It is not unheard of that a pastor will impose his will on the people in terms of, say, the readings that may be used for a funeral liturgy. The Church gives dozens of options and it is not within the authority of a pastor to reduce that number. If the Church allows it, the pastor has no legitimate right to deny it.

rcg said...

I think people want to merge the wake and other family events into the Mass inappropriately. While it is a good thing that the Mass is part of the family events, they go wrong trying to make it a personal event. I know I am on thin ice in liking some traditional music that is religious in nature, but I would like to hear it back at the house, but after Mass. There is also to chance I can change or correct certain lyrics to suit proper Catholic doctrine. And never sing it int he Church.

William Meyer said...

I would say that in the parishes I have attended, most of the choices made for the music have been unfortunate, at best. And it particularly rankles when a parish selects the Haugen Mass setting, not only as it is so banal, but because there are more suitable choices from Catholic composers.

Fr. Allan J. McDonald said...

PI, I give it to you in terms of the Scripture readings and in my parish we allow close family members to choose from the readings that are allowed, but I still reserve the right to choose the Gospel since I'm preaching.
But Father, the Liturgy is given to us, why in the name of God and all that is holy should we encourage the laity to micro-manage the Liturgy and suggest things that are inimical to the Liturgy, the greatest offense being music and the secular things they might want sung or things of horrible sentimentality? And then the whole concept of eulogies by a hoard of people after Holy Communion that focus in on all the silly things the deceased did, especially his drinking and swearing!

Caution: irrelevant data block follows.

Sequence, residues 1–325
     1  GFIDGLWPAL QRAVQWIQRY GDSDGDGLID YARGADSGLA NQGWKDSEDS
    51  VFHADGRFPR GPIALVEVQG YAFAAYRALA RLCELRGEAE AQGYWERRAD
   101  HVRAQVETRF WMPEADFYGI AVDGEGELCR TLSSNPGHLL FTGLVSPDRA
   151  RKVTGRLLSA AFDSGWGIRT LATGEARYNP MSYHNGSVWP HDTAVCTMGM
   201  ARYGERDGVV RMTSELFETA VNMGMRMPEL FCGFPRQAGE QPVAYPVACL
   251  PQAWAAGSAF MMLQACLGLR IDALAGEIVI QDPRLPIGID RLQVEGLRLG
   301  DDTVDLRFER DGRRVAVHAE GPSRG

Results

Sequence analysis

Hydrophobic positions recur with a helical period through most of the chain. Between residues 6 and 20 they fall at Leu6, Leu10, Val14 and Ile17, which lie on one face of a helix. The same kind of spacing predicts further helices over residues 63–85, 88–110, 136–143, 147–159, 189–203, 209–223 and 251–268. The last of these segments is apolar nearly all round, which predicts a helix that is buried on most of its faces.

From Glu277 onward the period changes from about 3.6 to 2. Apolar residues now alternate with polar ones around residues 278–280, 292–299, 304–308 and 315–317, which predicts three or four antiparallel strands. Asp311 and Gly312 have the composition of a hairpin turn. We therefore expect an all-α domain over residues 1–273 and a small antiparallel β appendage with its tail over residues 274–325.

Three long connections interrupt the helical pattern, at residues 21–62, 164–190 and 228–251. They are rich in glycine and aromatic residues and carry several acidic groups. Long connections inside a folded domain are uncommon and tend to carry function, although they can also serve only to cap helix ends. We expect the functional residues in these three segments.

Gene said...

More of Ignotus "Catholic lite" approach. I think he is really a Methodist in disguise...

Pater Ignotus said...

Well, I suggest that it is not within your competence to disallow what the Church allows in terms of readings approved for funerals.

When I preach, I use all of the Scripture passages chosen as the basis for my homily, not only the Gospel. Seems your approach is a tad niggardly in that regard.

No one is encouraging micro-management by the laity, but involvement in the planning of a liturgy. If a pastor allows what is "inimical to the liturgy" that's his fault. And it is not a sufficient reason to eliminate universally the involvement of the laity.

I'm not suggesting that "secular" things be allowed. You take the discussion to an absurd level so that you can strike at the straw man. Not even close - and no ceegar.

What you may find horribly sentimental others may find devout and grace-filled. There's no acocunting for taste. And if you are allowing "hoardes (sic) of people" to eulogize the deceased, stop it. (The word you wanted was horde - whatch those homophones, Good Father.)

Pin/Gene - there's nothing "Catholic Lite" about allowing what the Church herself allows - an even encourages.

Art Fleming said...

Perhaps Pater Ignotus could clarify for us:

1) What he means, specifically, by "full, conscious and active participation"

and

2) How choosing readings for Mass has any relationship to soothing one who is grieving.

Just asking.

Pater Ignotus said...

Art - Better than telling you what I think "full, conscious, and active participation" means, I'll offer the Church's own teaching: "To promote active participation, the people whould be encouraged to take part by means of acclamations, responses, pslamody, antiphons, and songs, as well as by actions, gestures and bearing." (SC 14)